How delusions develop

When I was about five, I got knocked over by a taxi.

I remember it very clearly: my mum and I were crossing a road outside King’s Cross station; the lights changed when we were halfway across, and the taxi driver got impatient and nudged forward onto the crossing. The front of the car bumped into my mum; she bumped into me; I fell over. My mother, naturally, got very cross and started yelling at the taxi driver (this bit was rather entertaining).

As a result of this experience, I developed a deep distrust of taxi drivers and nursed this resentment for at least the next ten years. Then, for some reason, the topic came up in conversation, and I said to my mum, ‘Remember that time I got knocked over by a taxi?’

She said, ‘No: I don’t remember that.’ I described it in detail, but she was adamant: ‘Believe me, if someone had run my daughter over there is no way I would ever forget it!’

Image result for it was all a dream typographyThat was when I realised that the whole thing had never happened at all: I must have dreamt it and, being so young, been unable to distinguish the dream from reality. I had spent a decade being annoyed about something that took place only in my head. All that anger towards taxi drivers had absolutely no basis.

This is actually true of all our delusions: they are all completely without basis in reality. The object they focus on does not actually exist, because what we see is an exaggeration of what is actually there.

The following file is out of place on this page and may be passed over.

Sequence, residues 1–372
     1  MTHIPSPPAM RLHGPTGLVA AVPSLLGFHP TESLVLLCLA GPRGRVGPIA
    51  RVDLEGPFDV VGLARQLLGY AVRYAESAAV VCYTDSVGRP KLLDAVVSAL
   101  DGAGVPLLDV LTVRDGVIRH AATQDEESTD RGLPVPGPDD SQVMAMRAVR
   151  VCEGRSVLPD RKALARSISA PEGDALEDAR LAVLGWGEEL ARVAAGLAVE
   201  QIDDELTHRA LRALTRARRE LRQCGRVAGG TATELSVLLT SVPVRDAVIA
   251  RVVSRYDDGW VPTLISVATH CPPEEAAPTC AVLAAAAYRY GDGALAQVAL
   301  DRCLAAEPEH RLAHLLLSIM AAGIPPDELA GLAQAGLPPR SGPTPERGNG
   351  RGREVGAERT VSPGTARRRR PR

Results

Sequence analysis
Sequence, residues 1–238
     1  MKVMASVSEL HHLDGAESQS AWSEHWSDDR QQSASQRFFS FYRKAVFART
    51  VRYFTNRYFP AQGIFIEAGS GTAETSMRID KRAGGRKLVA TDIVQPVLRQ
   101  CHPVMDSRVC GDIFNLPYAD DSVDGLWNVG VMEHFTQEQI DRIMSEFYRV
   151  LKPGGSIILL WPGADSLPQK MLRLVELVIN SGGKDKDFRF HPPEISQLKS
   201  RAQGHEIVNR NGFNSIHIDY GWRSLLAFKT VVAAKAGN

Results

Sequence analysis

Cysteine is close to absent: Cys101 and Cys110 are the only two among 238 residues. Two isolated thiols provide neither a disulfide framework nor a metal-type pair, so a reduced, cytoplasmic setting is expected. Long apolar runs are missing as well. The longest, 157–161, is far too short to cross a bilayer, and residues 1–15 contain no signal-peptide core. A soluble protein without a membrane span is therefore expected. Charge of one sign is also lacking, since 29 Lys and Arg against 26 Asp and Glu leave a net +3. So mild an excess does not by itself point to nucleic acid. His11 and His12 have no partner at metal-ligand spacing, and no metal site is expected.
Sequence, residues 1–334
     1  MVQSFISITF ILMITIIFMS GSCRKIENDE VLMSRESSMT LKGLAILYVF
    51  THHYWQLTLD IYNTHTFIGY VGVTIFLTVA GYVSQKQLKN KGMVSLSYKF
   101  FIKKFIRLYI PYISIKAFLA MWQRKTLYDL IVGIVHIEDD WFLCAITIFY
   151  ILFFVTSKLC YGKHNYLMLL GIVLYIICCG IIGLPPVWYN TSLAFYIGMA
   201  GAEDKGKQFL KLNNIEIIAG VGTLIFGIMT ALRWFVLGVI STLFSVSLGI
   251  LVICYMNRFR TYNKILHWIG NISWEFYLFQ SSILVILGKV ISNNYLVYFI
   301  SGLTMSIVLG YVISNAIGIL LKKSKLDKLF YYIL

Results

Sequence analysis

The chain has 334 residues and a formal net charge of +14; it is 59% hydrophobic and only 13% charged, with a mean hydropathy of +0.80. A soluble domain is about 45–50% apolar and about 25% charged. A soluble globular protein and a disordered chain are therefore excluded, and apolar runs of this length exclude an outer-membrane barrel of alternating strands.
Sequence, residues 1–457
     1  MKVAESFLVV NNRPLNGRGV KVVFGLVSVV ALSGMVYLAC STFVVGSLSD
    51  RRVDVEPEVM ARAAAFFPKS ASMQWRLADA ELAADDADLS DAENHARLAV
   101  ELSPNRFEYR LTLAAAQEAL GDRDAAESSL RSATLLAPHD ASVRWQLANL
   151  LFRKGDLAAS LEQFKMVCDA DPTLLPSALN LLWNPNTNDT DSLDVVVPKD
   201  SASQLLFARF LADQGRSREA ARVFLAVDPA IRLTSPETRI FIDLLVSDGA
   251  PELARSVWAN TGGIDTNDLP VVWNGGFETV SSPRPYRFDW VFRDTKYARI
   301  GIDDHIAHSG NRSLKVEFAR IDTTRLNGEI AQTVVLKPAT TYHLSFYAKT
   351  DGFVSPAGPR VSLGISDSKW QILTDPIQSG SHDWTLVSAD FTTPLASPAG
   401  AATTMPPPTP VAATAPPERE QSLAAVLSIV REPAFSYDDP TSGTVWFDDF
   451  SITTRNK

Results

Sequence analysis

The deluded mind of hatred, for example, views another person as intrinsically bad, but there is no such thing as an intrinsically bad person. Desirous attachment, on the other hand, sees its object of desire as intrinsically good and as a true source of happiness. If we have a strong craving to eat chocolate, chocolate appears to us to be an intrinsically desirable object. However, once we have eaten too much of it and start to feel sick, it no longer seems so desirable and may even appear repulsive. This shows that in itself chocolate is neither desirable nor repulsive. It is the mind of attachment that projects onto it all kinds of desirable qualities and then relates to it as if it really did possess those qualities.

~ Eight Steps to Happiness

We exaggerate good and bad qualities and this gives rise to attachment and anger; but the greatest exaggeration of all is exaggerating the way in which things exist. In just the same way that my dream taxi driver formed the basis for what seemed like a totally justified anger, so too all the dream-like appearances of our daily lives are misinterpreted as a valid basis for our negative thoughts.

All our delusions are called ‘mistaken awarenesses’ because their objects appear to them to be truly existent when in fact they are not. Everything is just a mere appearance to our mind that arises from our karma, but we exaggerate its degree of existence and believe it to exist separate from the mind. This ignorance then forms the basis for all the further exaggerations: we go from ‘this is truly existent’ to ‘this is truly good’ or ‘this is truly bad.’

Really and truly… just like my taxi driver.


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